An electrician enters a small room on the third floor of Zen Mountain Monastery. This room was once the library and is being used as a staging area for a renovation. At the back of the room by the window, behind spools of wire and other signs of progress, is a work table on which sits a sewing machine. The electrician and the resident operating the sewing machine regard each other in pleasant silence. On the table are stacked eco-printed fabric samples and various versions of a shoulder bag pattern. This is the ZMM Stitchery in-utero, so to speak. The dreams of Monastics and residents to have a dedicated sewing space to fill The Monastery Store with handmade wonders, had to start somewhere.

For over a decade, there was a monastic here named Mary Kaijun Mold who became “the stitchery”. Curtains were made, robes mended, sitting cushions restuffed and reinforced. Sewing machines were stored in the women’s restroom and set up when necessary. Kaijun and the occasional sangha member served the sewing needs of Zen Mountain Monastery — and filled all the available time doing so. It would have been hard to imagine four more machines and an entire studio expressly for the task, let alone many devoted hours of work time for design and sewing.

Two years hence from the storage-area-stitching-room with the single machine, the creative vision and output of The Monastery Stitchery have blossomed.

When you put your hand to a plant-dyed apron, bag or scarf from The Monastery Stitchery, you are touching the energies and efforts of a whole team of Monastery residents and sangha members from the community. Individuals with talents ranging from design, pattern making, and sewing; to dyeing and eco-printing; to marketing and display have been working with materials from right here on Mount Tremper to create products that are functional, beautiful, local and ethically made.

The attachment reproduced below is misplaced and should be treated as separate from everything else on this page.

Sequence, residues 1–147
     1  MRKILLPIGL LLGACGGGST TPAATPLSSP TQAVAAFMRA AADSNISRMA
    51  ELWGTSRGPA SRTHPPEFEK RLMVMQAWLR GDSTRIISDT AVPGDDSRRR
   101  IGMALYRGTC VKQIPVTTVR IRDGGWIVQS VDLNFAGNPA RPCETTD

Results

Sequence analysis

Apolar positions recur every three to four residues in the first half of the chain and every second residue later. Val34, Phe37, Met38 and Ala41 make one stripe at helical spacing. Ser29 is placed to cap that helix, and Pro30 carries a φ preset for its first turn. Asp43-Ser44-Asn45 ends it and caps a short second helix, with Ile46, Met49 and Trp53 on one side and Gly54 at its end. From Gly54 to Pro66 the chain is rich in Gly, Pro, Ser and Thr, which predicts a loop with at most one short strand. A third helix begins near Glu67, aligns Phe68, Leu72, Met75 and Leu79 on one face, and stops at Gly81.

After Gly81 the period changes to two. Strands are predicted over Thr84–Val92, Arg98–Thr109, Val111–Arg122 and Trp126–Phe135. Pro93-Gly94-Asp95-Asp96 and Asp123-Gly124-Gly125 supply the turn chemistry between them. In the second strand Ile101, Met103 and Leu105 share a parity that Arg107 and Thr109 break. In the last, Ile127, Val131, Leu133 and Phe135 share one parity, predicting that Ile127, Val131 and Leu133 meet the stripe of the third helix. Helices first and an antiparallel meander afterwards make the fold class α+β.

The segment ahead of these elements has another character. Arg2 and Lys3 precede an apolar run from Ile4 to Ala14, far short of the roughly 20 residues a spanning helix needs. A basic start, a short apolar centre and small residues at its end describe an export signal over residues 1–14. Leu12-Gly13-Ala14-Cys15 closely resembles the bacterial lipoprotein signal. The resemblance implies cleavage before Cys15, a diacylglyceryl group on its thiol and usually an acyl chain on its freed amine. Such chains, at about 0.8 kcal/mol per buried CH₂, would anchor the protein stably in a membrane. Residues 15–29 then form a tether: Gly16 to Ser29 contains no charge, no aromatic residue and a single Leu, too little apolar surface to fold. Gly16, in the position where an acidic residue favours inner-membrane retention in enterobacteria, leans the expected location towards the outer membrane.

On Sunday May 27th, The Monastery Store will begin offering the first four products developed at The Monastery Stitchery: shibori dyed table napkins, two variations on Japanese style aprons, colorful scarves, and loop-handled bags. All the dyes are created in our Dye Studio from plants cultivated or harvested here at the Monastery. The fabrics are organic cotton, linen, hemp and blends thereof; or repurposed prints donated by sangha.

In the works for future seasons are unisex linen sitting pants, work tunics and samue – and who could predict what else? At The Monastery Stitchery monastics, students, and short term residents work together learning to use the best of what the mountain offers and creating truly lasting and beautiful objects.

#themonasterystore #plantdyed #handmade #newdesigns #aprons #abundance #scarves

The Statuary

In addition to The Monastery Store’s adventures in stitching and dying, we’ve also be busy casting! Designing molds of magnanimous Bodhisattva icons, we are creating a unique line of images suitable for your sacred space at home or personal altar. Monastery monastics and residents worked to create original images from plasteline clay, then we set about exploring different casting techniques, trying to achieve consistent results using non-toxic materials. Each image is hand cast in white gypsum cement and then finished with either a simple flat paint or a bronze coating. Bronze images use a splash of patina, giving a timeless, antique quality to each piece. Embedded in each image is a teaching in Roshi’s own hand.

 The Monastery Stitchery, Statuary, and Dye Studio are still coming into being so many people have been integral to this unfolding. A special thank you to Claudia Young, fusei forth, Ikyo Love, Kaishin Jamieson, Takusei Twichell, Chisho Bollier, Jean Ann Wertz, Doug Hull, Keimu Adolfson, Shoshin Chester, Seiyu Lanaghan, Matthew Yanchuk, Corinne Lilie, Tanya Prather, Hatty Cresse, Annelisse Fifi, Diego Mireles, Scrap Wrenn, Ryan Leonard, and all of you who have spent caretaking in the stitchery, the dye studio or the statuary! Additional gratitude to the many beings who planted, tended, harvested and processed the indigo and other dye plants in the Monastery’s orchards and garden.